To celebrate the 4th of July this year we decided to go and explore some of this great country in which we live. To do this we made a pilgrimage to visit one of the oldest living things around–the Jardine Juniper tree in Logan canyon. All of the campgrounds and picnic areas in the canyon were full to overflowing and there was quite a traffic jam caused by people floating the canal. However, 10.4 miles up the canyon at the trailhead for the Juniper there was only two cars. On the way up we met both of the groups who were on their way down. (We probably should have started earlier when it was cooler.) Thus we began our solitary 11.4 mile sojourn in the wilderness.
Eventually we came to a fork in the trail and didn’t know which way to go.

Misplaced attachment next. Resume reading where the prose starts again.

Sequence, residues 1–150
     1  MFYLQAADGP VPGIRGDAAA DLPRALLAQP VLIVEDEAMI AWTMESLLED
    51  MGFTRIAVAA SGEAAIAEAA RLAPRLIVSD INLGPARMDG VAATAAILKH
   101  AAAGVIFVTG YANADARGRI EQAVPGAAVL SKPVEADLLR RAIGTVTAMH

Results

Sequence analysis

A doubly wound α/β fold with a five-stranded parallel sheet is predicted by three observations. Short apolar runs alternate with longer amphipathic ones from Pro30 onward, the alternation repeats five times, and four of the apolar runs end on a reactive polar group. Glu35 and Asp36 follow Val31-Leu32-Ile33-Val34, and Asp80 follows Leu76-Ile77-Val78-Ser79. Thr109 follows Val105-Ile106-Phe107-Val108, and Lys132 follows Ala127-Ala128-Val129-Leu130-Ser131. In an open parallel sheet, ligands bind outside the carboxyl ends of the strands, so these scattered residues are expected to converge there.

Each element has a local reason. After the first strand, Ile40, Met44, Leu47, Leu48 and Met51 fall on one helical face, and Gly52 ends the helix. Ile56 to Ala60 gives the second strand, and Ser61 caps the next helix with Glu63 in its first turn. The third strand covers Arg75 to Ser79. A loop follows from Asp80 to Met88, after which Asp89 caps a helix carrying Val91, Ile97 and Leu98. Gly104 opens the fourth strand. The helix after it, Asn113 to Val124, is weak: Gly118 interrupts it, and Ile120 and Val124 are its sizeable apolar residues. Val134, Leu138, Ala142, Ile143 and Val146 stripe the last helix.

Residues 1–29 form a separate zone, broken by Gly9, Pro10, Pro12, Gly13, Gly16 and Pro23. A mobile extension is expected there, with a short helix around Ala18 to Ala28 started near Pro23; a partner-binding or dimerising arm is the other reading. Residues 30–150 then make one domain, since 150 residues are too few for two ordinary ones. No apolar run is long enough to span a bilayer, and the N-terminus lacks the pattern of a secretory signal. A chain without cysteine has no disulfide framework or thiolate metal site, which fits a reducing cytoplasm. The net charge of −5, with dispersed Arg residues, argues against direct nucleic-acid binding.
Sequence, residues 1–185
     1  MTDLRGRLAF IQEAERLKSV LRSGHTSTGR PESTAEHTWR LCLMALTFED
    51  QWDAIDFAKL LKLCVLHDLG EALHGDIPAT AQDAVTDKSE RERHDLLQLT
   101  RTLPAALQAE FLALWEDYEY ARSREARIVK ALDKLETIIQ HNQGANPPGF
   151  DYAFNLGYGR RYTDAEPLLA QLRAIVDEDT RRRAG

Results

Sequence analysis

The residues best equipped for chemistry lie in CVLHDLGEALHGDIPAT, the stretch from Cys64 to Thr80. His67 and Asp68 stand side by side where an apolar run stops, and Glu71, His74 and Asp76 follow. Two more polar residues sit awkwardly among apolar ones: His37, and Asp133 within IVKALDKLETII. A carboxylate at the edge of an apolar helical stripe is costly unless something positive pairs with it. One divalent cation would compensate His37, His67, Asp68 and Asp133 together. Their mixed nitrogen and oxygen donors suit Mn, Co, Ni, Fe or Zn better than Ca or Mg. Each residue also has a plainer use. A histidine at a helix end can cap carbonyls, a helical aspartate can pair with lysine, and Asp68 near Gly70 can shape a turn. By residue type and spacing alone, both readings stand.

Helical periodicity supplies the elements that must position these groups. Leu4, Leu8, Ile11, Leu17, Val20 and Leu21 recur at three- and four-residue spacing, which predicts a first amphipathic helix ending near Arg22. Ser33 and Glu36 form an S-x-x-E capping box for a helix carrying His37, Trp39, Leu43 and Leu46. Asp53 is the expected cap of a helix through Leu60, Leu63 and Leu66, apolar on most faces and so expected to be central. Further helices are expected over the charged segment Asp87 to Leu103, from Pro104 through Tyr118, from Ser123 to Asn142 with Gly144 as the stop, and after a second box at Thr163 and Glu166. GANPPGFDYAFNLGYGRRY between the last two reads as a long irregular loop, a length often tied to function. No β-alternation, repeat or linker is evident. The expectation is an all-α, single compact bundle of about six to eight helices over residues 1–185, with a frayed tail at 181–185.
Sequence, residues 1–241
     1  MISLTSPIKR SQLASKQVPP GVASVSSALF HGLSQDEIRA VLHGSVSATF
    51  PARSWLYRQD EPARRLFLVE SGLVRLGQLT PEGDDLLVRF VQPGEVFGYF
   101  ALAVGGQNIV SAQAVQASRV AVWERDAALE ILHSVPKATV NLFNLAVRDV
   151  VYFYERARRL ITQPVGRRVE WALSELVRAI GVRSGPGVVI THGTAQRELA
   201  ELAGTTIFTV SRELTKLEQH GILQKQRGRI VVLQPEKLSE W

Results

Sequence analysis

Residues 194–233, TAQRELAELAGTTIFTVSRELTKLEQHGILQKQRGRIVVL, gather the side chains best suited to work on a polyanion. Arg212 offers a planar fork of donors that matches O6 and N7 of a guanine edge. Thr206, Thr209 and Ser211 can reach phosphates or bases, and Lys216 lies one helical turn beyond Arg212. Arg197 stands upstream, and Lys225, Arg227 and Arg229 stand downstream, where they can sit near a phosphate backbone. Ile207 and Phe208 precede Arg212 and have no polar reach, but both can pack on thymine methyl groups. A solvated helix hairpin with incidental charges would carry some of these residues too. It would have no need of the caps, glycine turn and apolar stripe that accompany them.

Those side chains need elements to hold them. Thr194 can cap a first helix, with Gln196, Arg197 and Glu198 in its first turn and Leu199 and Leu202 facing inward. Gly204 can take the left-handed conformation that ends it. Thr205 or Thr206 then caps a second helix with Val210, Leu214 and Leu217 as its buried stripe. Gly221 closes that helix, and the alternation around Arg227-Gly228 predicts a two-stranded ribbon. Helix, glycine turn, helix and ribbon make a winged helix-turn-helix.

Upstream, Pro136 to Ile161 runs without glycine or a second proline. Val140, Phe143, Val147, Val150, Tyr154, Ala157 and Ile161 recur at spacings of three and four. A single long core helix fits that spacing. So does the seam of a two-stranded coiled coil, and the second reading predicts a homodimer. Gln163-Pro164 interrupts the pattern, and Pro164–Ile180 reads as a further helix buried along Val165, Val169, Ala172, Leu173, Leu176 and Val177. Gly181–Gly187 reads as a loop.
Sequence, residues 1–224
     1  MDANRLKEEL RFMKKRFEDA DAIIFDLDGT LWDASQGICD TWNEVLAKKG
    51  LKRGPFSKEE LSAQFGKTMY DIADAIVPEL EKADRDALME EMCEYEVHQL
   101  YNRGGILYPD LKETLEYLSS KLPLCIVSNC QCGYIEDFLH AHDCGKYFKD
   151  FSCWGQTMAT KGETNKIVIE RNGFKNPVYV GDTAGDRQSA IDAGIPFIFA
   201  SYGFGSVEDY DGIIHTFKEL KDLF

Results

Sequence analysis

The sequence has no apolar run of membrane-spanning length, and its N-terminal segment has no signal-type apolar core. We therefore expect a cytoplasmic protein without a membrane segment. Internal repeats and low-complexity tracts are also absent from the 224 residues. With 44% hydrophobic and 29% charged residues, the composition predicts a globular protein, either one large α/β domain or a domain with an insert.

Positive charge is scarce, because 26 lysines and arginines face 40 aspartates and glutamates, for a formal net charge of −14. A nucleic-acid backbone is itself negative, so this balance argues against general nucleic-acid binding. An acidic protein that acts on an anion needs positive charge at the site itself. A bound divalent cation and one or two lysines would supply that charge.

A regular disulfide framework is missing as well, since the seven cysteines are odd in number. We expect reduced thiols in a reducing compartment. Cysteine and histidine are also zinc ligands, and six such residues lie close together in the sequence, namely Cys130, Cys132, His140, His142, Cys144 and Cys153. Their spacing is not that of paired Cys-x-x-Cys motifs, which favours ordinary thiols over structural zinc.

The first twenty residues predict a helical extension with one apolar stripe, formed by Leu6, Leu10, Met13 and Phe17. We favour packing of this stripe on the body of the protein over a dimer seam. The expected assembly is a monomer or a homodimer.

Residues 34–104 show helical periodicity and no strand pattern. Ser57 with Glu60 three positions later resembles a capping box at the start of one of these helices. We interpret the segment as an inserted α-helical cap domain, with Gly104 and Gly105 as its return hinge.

Even though it was hot and against our better judgment, we took the scenic route, and it was, well, scenic.
Eventually we got to the tree–the Jardine Juniper–Juniperus Scopulorum. Apparently it has been around for 3200 years. I don’t know how they know that but they do (exact age is debated by some, but it’s an old tree nevertheless). Maybe they asked. I wonder if that tree could talk, what would it say? “Hey! What are you looking at!?” or “You came all the way up here for this view? I’m really quite sick of it.” Really it’s more like a small shrub positioned precariously on top of this giant, gnarled, sun-bleached trunk that’s wedged into a boulder on the canyon rim.
Then we did as many other pilgrims to this place have done. Sat down, ate some string cheese and granola bars, and then proceeded to leave our historical mark in the register (ie signed our names in the water stained notebook hidden in an aging wooden box).
It was a good time. We took the shady route back.